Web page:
A new study from the Oklahoma Medical Research Foundation has found a potential cause of fatty liver disease, a condition linked to obesity that can lead to cirrhosis of the liver and an increased risk of liver cancer.
In a study published in the November issue of the Journal of Clinical Investigation, OMRF scientist Lijun Xia, M.D., Ph.D., and his research team uncovered evidence that a mix-up between the blood and lymph vessel systems in the small intestines causes deposits of fat in the liver, leading to a condition that resembles the most common form of liver disease in Western countries.
Xia’s research team focused on the function of a particular sugar—O-glycan—in the circulatory system. Studying mice that had been raised so that they lacked the gene that makes the sugar, the OMRF researchers found that the animals developed miswired blood and lymph systems. The miswired vessels caused problems in distribution of dietary fats throughout the systems, leading to an enlarged and fatty liver—the equivalent of the human illness known as non-alcoholic fatty liver disease.
“Before this, nobody knew what this sugar did in the system,” said Xia. “By taking the gene out of the vascular system, we found out how important this sugar is to the development of the circulatory system. Without it, the animals cannot live.”
The fused lymphatic and blood vessel systems sent fats from the small intestines directly to the liver. In healthy people, dietary fats are absorbed and transported by the lymphatic system to blood circulation, where the fats are distributed to various tissues for metabolism. Normally, only a small amount of fat leftovers reach the liver for further metabolism. But when a large amount of fat is sent through the hybrid blood-lymphatic system directly to liver, it can overload the liver, which is deadly.
The same hybrid system could be developing in humans, Xia said, possibly caused by poor diet. Diet is essential to intestinal bacteria, which are known to regulate new vessel formation in intestines. Because the small intestines are constantly replenishing themselves and regrowing cells, he suspects a poor diet could result in a lack of the proper bacteria and a mix-up in the lymphatic and blood vessel systems.
“We think what may be happening is that an abnormal diet could cause abnormal bacteria in the intestines, which could cause abnormal blood and lymph vessel growth in the small intestines,” he said. “We need to study and see if this is one of the causes of fatty liver disease in humans so we can find out how to stop it from happening.”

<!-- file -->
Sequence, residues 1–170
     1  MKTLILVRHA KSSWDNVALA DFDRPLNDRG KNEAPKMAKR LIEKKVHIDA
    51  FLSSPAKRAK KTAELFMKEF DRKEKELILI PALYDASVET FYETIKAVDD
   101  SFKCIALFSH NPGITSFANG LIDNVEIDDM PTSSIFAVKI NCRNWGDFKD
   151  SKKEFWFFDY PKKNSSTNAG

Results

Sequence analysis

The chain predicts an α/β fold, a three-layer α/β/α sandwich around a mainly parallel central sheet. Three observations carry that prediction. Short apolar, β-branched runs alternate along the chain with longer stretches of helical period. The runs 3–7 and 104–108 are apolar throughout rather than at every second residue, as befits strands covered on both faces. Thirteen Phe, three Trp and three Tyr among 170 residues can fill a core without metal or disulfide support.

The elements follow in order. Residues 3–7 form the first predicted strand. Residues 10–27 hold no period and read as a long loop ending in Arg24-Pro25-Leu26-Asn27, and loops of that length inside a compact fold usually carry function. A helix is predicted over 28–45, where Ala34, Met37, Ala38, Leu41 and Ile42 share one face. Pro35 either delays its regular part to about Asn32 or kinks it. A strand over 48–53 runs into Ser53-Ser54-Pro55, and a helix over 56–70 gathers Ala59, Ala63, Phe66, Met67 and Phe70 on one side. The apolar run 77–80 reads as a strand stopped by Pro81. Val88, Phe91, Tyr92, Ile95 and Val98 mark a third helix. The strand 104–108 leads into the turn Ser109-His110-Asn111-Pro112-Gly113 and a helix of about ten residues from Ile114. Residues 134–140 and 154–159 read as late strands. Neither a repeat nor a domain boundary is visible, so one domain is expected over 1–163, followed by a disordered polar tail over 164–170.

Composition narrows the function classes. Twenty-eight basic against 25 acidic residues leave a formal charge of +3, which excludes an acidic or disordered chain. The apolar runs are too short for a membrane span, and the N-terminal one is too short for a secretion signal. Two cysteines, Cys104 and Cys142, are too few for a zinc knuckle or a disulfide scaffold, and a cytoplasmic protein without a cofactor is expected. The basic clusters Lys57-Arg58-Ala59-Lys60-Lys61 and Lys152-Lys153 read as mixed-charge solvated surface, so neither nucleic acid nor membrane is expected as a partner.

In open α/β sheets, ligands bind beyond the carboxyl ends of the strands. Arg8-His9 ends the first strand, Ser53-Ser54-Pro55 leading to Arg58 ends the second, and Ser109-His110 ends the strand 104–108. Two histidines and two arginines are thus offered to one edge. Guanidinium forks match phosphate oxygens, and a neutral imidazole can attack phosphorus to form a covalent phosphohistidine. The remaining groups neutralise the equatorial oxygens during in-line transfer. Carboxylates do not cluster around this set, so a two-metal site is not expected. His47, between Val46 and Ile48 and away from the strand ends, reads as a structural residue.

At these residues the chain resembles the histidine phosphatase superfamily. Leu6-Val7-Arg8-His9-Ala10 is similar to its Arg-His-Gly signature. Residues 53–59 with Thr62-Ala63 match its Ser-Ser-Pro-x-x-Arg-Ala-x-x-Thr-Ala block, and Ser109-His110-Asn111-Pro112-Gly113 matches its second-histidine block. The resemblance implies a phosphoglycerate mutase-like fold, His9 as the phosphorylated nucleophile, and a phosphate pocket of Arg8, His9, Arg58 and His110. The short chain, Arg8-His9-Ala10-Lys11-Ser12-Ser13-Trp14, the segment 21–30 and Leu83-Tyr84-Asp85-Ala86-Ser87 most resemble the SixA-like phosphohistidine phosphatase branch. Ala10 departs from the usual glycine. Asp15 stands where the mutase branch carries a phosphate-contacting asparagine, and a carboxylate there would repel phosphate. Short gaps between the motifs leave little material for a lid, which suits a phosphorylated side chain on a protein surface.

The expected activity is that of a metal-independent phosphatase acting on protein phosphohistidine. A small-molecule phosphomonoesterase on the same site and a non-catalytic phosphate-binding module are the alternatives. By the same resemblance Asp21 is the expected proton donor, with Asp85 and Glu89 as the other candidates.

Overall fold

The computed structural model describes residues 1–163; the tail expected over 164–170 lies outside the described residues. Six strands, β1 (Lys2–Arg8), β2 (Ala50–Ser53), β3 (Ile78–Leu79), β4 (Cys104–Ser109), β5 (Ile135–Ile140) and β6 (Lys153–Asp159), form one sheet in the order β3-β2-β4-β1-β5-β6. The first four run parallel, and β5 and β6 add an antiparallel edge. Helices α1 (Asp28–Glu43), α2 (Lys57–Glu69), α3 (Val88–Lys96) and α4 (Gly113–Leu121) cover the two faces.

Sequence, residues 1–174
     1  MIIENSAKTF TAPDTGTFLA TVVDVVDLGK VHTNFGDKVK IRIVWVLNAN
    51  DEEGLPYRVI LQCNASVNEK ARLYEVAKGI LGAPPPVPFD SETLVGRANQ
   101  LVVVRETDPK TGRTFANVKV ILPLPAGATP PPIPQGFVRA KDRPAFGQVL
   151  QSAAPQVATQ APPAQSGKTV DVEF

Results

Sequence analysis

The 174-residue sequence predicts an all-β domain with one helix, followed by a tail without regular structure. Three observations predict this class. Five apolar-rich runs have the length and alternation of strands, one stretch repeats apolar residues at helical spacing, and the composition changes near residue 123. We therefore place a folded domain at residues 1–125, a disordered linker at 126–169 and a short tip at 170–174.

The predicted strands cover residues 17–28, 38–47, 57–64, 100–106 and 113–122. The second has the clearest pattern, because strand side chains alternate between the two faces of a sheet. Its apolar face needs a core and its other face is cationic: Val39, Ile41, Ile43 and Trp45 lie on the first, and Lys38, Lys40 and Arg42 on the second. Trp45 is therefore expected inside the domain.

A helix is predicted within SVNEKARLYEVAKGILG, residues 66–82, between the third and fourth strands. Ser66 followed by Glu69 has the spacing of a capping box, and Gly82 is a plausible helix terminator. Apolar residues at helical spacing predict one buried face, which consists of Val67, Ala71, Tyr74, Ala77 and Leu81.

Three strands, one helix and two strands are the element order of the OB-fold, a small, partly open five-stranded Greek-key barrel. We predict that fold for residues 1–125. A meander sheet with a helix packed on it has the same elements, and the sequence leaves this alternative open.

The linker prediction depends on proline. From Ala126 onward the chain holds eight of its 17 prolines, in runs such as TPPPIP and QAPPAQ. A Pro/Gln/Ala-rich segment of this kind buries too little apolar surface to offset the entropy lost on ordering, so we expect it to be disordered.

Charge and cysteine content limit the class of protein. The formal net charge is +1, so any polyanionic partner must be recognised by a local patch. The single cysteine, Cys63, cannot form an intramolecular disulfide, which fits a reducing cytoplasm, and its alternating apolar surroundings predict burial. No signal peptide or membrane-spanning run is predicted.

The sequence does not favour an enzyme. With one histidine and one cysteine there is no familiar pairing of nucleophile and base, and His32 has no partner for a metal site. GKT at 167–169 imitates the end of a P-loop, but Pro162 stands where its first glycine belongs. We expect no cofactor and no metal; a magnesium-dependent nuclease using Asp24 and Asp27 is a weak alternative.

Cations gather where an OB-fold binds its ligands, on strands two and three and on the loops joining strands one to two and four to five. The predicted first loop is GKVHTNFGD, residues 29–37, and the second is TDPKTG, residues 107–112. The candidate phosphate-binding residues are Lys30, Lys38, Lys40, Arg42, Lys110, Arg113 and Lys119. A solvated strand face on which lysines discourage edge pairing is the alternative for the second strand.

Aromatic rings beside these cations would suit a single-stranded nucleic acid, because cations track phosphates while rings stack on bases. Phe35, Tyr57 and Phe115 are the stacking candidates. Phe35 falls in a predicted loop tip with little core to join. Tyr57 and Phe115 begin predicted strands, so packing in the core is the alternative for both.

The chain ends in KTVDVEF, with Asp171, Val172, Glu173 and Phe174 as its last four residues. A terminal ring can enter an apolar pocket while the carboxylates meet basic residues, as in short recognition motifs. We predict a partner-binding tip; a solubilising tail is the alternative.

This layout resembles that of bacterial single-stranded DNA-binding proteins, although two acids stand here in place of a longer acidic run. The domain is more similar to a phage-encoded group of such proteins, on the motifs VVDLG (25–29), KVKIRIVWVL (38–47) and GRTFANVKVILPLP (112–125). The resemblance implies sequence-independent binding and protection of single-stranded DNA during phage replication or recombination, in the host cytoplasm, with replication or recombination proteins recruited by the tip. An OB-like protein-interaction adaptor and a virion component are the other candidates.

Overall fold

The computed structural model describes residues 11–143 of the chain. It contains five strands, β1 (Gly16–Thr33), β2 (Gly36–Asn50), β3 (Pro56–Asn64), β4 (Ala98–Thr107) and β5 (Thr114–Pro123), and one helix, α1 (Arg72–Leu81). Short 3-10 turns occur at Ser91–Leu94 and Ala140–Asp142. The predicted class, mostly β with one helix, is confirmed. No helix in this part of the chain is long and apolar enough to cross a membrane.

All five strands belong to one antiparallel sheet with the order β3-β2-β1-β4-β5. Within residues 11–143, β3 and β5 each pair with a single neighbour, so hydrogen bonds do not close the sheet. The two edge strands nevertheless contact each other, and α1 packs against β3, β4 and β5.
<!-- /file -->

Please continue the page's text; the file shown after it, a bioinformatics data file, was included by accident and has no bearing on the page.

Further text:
According to the Center for Disease Control, non-alcoholic fatty liver disease could affect as much as a quarter of the world’s population. The condition results from the accumulation of triglycerides in the liver and is associated with metabolic disorders such as insulin resistance, obesity, diabetes and high cholesterol—many of the conditions that contribute to heart disease. It can also lead to liver inflammation, cirrhosis and liver cancer.
Xia said Oklahomans should be worried, because as one of the states with the highest obesity rate, fatty liver disease is more common here and is a growing concern for overweight children.
“It’s a silent killer,” he said. “Even when the liver is half-full of fat, there may be no symptoms. So when a person finally begins to feel the effects of the disease, it’s often too late to help.”
Xia’s work was funded through grants from the National Heart, Lung and Blood Institute and the National Center for Research Resources. The research was an international effort, including Xia’s research team of Dr. Jianxin Fu, Michael McDaniel, Xiaowei Liu, and Sam McGee, OMRF imaging expert Dr. Florea Lupu and scientists from the Cancer Research UK London Research Institute, the Emory University School of Medicine, Katholieke Universiteit Leuven in Belgium, and the Boston University School of Medicine.
About Fatty Liver Disease
Based on estimates from the Center for Disease Control, non-alcoholic fatty liver disease could affect as many as 900,000 Oklahomans. The condition results from the accumulation of triglycerides in the liver and is associated with metabolic disorders such as insulin resistance, obesity, diabetes and high cholesterol—many of the conditions that contribute to heart disease. It can also lead to liver inflammation, cirrhosis and liver cancer.
OMRF (omrf.org) is an independent, nonprofit biomedical research institute dedicated to understanding and developing more effective treatments for human disease. Chartered in 1946, its scientists focus on such critical research areas as Alzheimer’s disease, cancer, lupus and cardiovascular disease.